Investment casting wax materials are blend of numerous complex compounds. Each compound has been included to influence the final properties of the wax in some way. A few points that affect the quality of a casting wax and hence pattern production are listed.

1. Contraction and cavitation: Stable results on contraction and cavitations of a casting wax are extremely important to the foundry. We have already discussed how structure and composition affects contraction. This highlights the importance of both the wax manufacturer and foundry’s quality control tests.
2. Congealing point or melting point: Congealing point and melting point are temperatures at the beginning and end of the semi-liquid state respectively. They have a major influence on the injection temperature & pressure settings of the injection machine.
3. Ash content: Most foundries would be aware of the importance of using and maintaining wax with low ash content and of the detrimental effect of ash. The limit generally recommended is 0.05% maximum.
4. Hardness and elasticity: Casting wax must have sufficient hardness and elasticity to help reduce the possibility of rejects due to breakages, bending or other undesirable phenomena during the subsequent processing of the wax pattern.
5. Viscosity: The viscosity of a casting wax compound is critical to successful pattern production. Where large fine sections need to be produced then often a low viscosity wax is required to enable the wax to penetrate into the finest spaces in the die. For heavier sections a less fluid wax may be preferred. Viscosity is generally directly related to injection temperature.
6. Good surface finish: A good surface finish is an important property for successful pattern production. In general, unfilled wax has a glossy surface, emulsified wax has more surface smoothness, whereas filled wax has a slightly rough surface. Surfaces that could prove detrimental, are the ‘soft easily damaged’ surface or the ‘pitted’ surface usually associated with coarse particle sized filler being used.
7. Setting rate: On one extreme, some production parts require a very fast set and release from the die, whereas on the other extreme a slower setting wax is an advantage.
8. Oxidation stability: Oxidation or breakdown of certain compounds in wax due to the action of heat or simply ageing will markedly change the overall properties and the wax may become unsuitable for use. It is necessary for the manufacturer to use antioxidant materials where this could occur and foundries must be aware of this.
9. Reclaimibility: The Reclaimibility of wax are important economic and ecological issues. While stating it is possible to reclaim and reconstitute all three categories of wax, strict quality control over the process is recommended. The above points considered should cover the majority of properties of an investment casting wax and how these can affect quality of wax and wax pattern production.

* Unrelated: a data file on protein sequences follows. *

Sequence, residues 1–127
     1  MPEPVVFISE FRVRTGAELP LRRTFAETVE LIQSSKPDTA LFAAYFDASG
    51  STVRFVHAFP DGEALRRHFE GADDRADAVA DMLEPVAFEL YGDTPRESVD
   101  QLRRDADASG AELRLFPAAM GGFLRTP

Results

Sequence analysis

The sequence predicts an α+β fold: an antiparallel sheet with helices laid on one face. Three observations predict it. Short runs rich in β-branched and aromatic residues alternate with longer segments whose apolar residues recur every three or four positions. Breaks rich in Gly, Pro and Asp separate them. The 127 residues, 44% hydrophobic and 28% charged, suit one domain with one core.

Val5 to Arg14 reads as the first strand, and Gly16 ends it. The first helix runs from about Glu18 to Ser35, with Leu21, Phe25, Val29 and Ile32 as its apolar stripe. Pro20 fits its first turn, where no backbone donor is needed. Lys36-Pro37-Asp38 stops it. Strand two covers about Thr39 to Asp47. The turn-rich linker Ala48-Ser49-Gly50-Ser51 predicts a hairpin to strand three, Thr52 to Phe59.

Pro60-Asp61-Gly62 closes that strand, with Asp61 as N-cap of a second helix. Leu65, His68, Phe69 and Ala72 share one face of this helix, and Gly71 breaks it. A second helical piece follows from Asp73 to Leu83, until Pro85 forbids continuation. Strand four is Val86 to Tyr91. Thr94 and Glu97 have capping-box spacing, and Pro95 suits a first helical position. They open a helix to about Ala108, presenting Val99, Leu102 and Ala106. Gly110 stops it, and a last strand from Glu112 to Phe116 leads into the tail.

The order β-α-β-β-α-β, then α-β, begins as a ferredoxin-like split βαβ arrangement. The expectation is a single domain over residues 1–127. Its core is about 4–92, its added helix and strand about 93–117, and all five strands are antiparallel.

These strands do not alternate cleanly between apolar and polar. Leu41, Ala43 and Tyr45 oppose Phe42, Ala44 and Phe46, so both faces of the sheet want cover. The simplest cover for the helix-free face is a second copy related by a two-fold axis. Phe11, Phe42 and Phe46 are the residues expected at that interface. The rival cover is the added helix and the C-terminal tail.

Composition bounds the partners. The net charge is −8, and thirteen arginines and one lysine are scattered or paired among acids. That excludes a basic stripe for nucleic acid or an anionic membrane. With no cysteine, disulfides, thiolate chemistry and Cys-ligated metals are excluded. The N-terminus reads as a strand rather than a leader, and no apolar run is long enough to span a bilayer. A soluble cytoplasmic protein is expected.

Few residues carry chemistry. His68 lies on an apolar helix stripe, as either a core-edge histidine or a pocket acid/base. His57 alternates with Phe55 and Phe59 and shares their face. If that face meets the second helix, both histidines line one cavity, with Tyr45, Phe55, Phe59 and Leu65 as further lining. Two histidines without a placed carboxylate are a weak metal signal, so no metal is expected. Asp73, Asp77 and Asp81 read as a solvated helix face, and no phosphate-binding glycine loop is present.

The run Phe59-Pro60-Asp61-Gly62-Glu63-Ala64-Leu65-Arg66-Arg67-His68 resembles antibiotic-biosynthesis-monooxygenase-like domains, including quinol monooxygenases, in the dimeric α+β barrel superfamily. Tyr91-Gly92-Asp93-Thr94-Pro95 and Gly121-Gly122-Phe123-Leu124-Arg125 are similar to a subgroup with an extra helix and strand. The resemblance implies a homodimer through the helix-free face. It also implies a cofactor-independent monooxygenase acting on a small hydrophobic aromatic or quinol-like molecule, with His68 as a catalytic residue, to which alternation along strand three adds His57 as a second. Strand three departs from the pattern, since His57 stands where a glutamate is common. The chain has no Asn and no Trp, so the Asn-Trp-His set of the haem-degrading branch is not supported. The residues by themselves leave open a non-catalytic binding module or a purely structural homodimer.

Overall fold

If problems with wax pattern production are being encountered, it is very important to consider with the wax supplier a number of fault guidelines. The most common faults encountered during wax injection are:

1. Flow lines: are usually associated with; a) Cold die b) Cold wax c) Incorrect injection pressure d) Injecting a thick section through a thin section
2. Trapped air: is usually associated with; a) Wax too hot – causing turbulence during injection b) Flow rate too high – the wax flowing into the die faster than the air escaping through the joints, thus becoming trapped. c) Air entrapped in the wax in the machine, causing air bubbles to be injected with wax. d) Air trapped in the patching wax when filling in slots in ceramic cores.
3. Lubricant marks: can be associated with over – lubrication of the die, allowing wax to push lubricant into the folds or creases, giving the appearance of flow lines.
4. Chill breakthrough: is usually associated with; a) Chill too large b) Distorted chill c) Chill too small (floating to one side) d) Pips missing from the chill e) Sinks on the chill in pip location area f) Chill movement due to force of wax, especially if located near the sprue.
5. Incomplete coverage of chill: is associated with; a) Too much lubricant on chill b) Trapped air around the chill (injection rate too fast) c) Insufficient injection pressure
6. Orange peel effect is associated with; a) Die too cold b) Wax too cold c) Insufficient injection pressure
7. Misrun is usually associated with; a) Cold wax b) Cold die c) Injection rate too low d) Wax flow restriction in the die, predominately with thin wall sections
8. Cavitation is usually associated with; a) Die temperature too high b) Wax temperature too high c) Insufficient injection pressure d) Sprue too small e) Sprue in wrong position a. Chill left out of die b. Chill required c. Injecting a thick section through a thin section. This long list only highlights the many variables that exist during wax injection technology and the object is to illustrate how important it is for the foundry to check each area thoroughly.


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